Competition’s going to be that much more intense, but in new ways. First, you’re going to be competing with companies hailing from different geographies much, much more than you think. And because they’re going to be able to participate, they will have access to the same technologies as you do. So if you’re a technology company in the “developed world,” guess what? They’re coming at you from emerging markets. If you look at the Fortune Global 500 in 1990, something like 5% were from emerging markets. It’s flipping, and right now it’s 25%. On current course and speed, it will be 45% in 2025.
Second, there are competitor startups that can now use platforms and Internet technology to reach the same customers that you reach, too. These companies can play as well as you can in any other arena. Third, there are going to be competitors from outside of your sector. So, who’s a car company these days? Google and Apple, right? You don’t think of them as being in the automotive sector. Many with access to technology platforms can now participate in almost any sector. For example, Alibaba is being granted banking licenses in China.
Well, it turns out that there are a lot of markets where that could happen, such as personal services but also a bunch of corporate services. It’s going to get more interesting—exciting for some, challenging for others who don’t transform themselves.
Strategies of Adaptation
It’s hard to be prescriptive about adapting to disruptions because they vary by industry and company situation. But organizations that have more diverse talent pools—in the sense of age, approach to problem solving, or approach to innovation—tend to do better, although they tend to skew younger. So how do you cultivate them and how do you attract those diverse profiles into your companies?
It’s also important to think in terms of platforms. If you look at most of these companies that have been incredibly successful—whether it’s an Amazon or an eBay or a Google or a Facebook—they’re a platform of one sort or another. They’ve built something that seems to be global, that others can build on or put things that are valuable on. There’s kind of a platform way of thinking that is pretty important.
The days in which companies pursue singular strategies—where you say, “I’m going to pick this one thing, and we’re going to do this one thing only”—are long gone. You need to develop some sort of portfolio mix of products and services where you’re learning, experimenting, and scaling the things that work.
The New CEO Archetype
What competencies seem to make a difference in the companies that are doing well? How good they are at technological innovation is a big deal. If you think about all the tech companies we celebrated in the years roughly between the 1990s and the early 2000s, in the majority, if not all of them, the CEO came out of sales. That was appropriate at the time.
Do another similar mental exercise. Between 2005 and now, think of all the companies we celebrate and love to put on our top 10 most amazing companies in tech. Almost all of those CEOs are engineers or product-centric people. Maybe one or two exceptions, right? Product innovation and user experience orientation seems to really, really matter. At the risk of annoying people who work in sales and do amazing things, especially in business-to-business settings, the other thing that seems to matter more perhaps than it used to is marketing and messaging—and the ability to use digital platforms and capabilities to do that. Company leaders increasingly need to be smart about how they leverage their technologies and digital media to position themselves.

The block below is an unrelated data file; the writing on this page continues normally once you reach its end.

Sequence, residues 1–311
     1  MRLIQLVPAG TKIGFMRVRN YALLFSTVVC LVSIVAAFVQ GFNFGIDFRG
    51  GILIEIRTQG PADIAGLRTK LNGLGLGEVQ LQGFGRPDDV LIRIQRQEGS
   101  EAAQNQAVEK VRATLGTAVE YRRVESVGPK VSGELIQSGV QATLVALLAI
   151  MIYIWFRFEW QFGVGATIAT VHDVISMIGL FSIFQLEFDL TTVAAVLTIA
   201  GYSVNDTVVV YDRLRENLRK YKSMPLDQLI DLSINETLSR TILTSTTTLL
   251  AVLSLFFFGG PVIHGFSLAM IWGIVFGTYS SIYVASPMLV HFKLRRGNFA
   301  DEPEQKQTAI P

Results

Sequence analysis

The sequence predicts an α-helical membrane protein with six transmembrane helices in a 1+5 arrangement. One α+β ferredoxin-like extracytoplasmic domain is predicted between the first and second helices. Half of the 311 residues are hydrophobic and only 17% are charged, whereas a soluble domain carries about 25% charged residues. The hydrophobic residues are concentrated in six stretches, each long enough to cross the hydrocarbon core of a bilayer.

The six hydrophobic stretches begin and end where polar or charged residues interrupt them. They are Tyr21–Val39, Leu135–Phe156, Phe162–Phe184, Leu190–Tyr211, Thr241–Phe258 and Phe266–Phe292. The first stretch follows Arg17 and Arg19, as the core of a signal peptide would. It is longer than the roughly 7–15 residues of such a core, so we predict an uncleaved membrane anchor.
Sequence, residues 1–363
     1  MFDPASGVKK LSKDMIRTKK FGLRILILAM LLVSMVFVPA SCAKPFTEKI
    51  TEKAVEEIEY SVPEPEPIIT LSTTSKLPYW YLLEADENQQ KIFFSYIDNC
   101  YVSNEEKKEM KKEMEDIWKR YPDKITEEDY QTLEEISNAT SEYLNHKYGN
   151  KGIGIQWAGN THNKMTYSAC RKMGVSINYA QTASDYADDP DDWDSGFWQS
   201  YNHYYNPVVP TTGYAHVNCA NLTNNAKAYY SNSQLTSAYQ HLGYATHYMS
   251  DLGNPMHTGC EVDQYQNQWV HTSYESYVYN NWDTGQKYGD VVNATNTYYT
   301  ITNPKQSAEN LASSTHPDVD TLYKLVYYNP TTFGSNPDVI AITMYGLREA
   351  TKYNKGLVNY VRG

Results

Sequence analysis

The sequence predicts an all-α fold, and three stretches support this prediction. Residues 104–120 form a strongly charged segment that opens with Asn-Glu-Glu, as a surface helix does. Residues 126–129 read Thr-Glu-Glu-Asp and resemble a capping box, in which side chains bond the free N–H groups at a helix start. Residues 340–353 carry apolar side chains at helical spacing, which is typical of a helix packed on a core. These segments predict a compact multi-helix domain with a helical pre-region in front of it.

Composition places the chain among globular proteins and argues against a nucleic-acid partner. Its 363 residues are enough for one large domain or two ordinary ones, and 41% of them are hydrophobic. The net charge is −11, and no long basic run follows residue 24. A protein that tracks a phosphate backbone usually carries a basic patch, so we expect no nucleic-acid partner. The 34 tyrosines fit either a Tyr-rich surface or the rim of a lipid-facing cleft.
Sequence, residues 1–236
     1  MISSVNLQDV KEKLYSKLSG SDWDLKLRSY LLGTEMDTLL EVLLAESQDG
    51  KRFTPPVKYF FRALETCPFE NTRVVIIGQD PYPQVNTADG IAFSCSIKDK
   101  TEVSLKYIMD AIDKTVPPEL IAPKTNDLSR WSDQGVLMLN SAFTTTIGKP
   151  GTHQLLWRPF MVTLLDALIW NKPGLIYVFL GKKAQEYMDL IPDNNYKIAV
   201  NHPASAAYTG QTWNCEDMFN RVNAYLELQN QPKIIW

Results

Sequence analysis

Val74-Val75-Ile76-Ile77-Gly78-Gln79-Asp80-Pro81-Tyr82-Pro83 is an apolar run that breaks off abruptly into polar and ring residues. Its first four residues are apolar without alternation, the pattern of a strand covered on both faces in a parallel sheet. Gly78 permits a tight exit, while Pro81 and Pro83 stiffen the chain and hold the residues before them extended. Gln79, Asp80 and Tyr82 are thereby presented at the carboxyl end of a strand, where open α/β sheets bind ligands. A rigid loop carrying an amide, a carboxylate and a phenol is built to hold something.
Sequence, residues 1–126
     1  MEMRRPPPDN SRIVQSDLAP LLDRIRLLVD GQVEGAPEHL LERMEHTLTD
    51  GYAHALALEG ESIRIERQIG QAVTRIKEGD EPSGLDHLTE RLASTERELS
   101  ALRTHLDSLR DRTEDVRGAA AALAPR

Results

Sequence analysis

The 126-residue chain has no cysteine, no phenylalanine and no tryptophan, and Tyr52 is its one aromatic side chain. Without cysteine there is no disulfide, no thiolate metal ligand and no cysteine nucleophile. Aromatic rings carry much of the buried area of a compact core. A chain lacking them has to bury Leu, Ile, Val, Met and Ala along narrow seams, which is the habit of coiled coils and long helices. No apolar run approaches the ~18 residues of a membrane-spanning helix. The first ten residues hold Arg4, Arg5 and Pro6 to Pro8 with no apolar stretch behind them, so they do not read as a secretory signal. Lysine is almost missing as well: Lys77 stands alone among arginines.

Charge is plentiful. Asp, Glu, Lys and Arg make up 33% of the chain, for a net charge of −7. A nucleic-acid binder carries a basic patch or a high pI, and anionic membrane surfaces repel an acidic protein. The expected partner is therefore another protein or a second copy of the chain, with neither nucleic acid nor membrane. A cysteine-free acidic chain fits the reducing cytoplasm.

The Future of Work
Looking at just the changes in the economy and technology, my conclusion is that the future is net positive, but not everything looks rosy. When you think about how much economic potential there is going to be, how much economic growth, all of that is the positive stuff. But there are a couple of things that I worry about. One is the future of work. We’re going to see more disruption in terms of employment than we’ve seen in a while.
The U.S., between 2000 and 2010, lost an estimated 5.8 million jobs in manufacturing. The story that’s usually told, at least in the public press, is that they’ve all been offshored. That’s only a small portion of the story. Let’s take the high end of that and assume 25% of lost jobs went offshore. (Our own analysis, by the way, suggested it was more like 20%; some put it at 15%.) The rest of it was largely about the rapid pace of productivity gains from technology and automation and changes in demand.
That’s the bigger story. Go to a new factory that’s been built today and look how many people work there. I don’t care if that factory is in China or America, there aren’t very many people working there, generally. So the impact of technology on jobs is a big deal that we haven’t quite gotten our minds around.
I also worry about income inequality, not so much because the rich are too rich but because there’s a whole segment of middle-skilled people who possess more education and training than a high school diploma but less than a four-year college degree in America and most countries with strong economies. Their wages have been stagnant for the past 25 years. These are the people that drive much of the aggregate demand in the economy for products and services which in turn is necessary for GDP growth. If this is not addressed as a societal and prosperity issue, it will cause angst about the extent to which the economy works or doesn’t work for everybody, among other things. I think we need to accept that those are real issues, and we need to work on trying to solve them.